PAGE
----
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Frequently Asked Questions
We know, there are a lot of questions that come during this process. Below are some of the common ones we get asked.


What is the process to becoming a licensed foster home?

Take a look through the guided process here.

How long do children remain in a foster home? 

This may vary as the intention of foster care is to hopefully reunite the child with family if possible.  Some children may remain in care for a shorter period of time, whereas others may remain in foster care for years while permanency options are explored.

Are foster children ever adopted? 

It is not the intention of fostering to be able to adopt a child that you are providing care to.  Reunification back to family of origin is always the preference.  However, when that is not possible, to provide stability and permanence for a child private guardianship or adoption may occur.  To be noted, adoption may not be granted to you as the child’s current caregiver. 

How old do I have to be to become a Foster Parent? 

You must be over 18 years of age.  For additional eligibility requirements, refer to the attached timeline document which outlines necessary forms to be submitted.

I am single.  Does that impact my ability to become a Foster Parent?  

No, McMan accepts applications from single people, couples, same sex couples, persons of different ethnicities, common law relationships, and retired persons.   We believe that the demographics of any family/individual providing care to a foster child is broad and may encompass many different facets. 

I am unsure if I am ready to foster full time.  Am I able to be a respite option to provide relief to foster families?  Yes.  Respite homes provide a needed service and resource to existing foster families.  It is a different process from becoming a licensed foster home, but also a good lead in to determine if fostering full time may be an option for you in your future.  

What are the supports available to myself/family should we encounter barriers during our fostering experience?   The McMan Foster Care program provides exceptional supports.  The program assigns a foster care support worker to each foster family.  They support foster families with the transition of a child into your home.  This worker supports your home and the child in your home to ensure/maintain stability. There is a considerable schedule in place for visits and contact with you/the child with your worker, they will advocate with you in the best interests of the child, they will support you in accessing other outside resources as necessary for the child, etc.  The program provides 24/7 supports with after hours on call system.  Our foster parents are also encouraged to network with each other as well as access supports/services from the Alberta Foster Parents Association.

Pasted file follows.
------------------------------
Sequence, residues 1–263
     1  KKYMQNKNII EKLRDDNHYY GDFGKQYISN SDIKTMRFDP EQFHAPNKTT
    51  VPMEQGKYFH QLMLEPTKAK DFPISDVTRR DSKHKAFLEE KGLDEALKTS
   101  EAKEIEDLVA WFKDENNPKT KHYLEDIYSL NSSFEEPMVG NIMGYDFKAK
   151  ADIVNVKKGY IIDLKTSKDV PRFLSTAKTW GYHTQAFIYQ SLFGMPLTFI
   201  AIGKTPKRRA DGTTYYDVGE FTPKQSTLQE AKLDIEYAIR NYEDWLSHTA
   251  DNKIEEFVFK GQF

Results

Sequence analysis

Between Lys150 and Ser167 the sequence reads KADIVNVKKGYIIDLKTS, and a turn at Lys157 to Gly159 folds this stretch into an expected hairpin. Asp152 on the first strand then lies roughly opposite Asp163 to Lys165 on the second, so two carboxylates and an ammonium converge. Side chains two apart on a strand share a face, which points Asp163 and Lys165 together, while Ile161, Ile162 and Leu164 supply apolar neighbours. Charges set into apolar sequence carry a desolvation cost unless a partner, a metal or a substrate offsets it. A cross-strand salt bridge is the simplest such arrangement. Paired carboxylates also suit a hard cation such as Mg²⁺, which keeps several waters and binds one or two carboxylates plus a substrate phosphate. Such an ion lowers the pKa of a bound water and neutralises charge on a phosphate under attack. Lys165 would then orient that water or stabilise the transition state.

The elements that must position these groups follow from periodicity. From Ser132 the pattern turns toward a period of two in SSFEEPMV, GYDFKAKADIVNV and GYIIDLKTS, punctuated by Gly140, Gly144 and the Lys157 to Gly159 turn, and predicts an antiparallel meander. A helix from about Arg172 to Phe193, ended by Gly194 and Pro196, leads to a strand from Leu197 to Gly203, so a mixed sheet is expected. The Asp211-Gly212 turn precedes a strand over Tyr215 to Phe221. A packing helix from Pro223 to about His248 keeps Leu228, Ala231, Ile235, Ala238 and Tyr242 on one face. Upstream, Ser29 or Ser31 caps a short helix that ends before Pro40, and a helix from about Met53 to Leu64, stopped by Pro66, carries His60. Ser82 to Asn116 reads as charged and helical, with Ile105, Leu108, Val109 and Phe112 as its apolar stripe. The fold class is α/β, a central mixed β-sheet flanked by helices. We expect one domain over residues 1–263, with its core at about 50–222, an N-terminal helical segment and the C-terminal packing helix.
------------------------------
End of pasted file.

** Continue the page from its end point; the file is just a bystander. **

Is there financial support and compensation provided for fostering? 

Yes.  For further information related to this refer to the Government of Alberta website please see section 'Schedules and guides' and click ' Current Caregiver Compensation Rate Schedule - April 1, 2018'.  This is tax free renumeration.  Of note, McMan has 3 different referral sources those being Children’s Services, Athabasca Tribal Council, and Kasohkowew Child Wellness Society.   Financial support and compensation for ATC and KCWS differ from that of Children’s Services.    

Do foster children have contact with their biological family? 

Where it is safe for the child, and in their best interests, a child would be encouraged and supported to have visits/contact with their family.  This is determined by many factors and foster parents will be advised by the child’s caseworker if visits are going to be in place.  It is the expectation of foster parents to support such visits in a positive manner in the best interest of the child. 

Do I have a say in the age, gender, and racial origin of the child placed in my home? 

The McMan Foster Care program believes that families are best able to assess their own strengths and limitations with respect to foster parenting and to know the type of child that will best suit their family. During the SAFE home study process we make every attempt to help applicants determine what is the best fit for their home/family and match foster children’s needs to the foster family. 

How do I know if I will make a good Foster Parent? 

If you are considering taking the steps to become a foster parent, there are some of the questions you may want to ask yourself.  When doing so consider your entire family and ensure that they support this new and challenging venture.  Some of the questions to consider are:

  • What is my primary reason for wanting to foster?

  • Will my partner and family members share the same commitment as I do with this child?

  • Will I be able to change my parenting style to fit the requirements?

  • Will I be able to treat this child as my own while he/she is in my home?

  • Will I be able to emotionally cope with the loss of the child when he/she is returned home or has leave?

  • Will my own children be adversely affected by having a foster child in our home?

  • Do I have the time day to day that this child will require? 


Training sessions that will help you to determine the answers to some of those questions is provided by McMan through the Orientation for Caregivers sessions.  These sessions provide a more thorough insight into fostering and offer the opportunity for learning and discussion before you make a final decision.  This training is also a mandatory training as required by Children’s Services for any family wishing to become a licensed foster home. 


Further Questions?

If you have further questions, please contact McMan Youth, Family, and Community Services Association and the Foster Care Recruiter will get in touch with you.


Phone: (403) 227-5580


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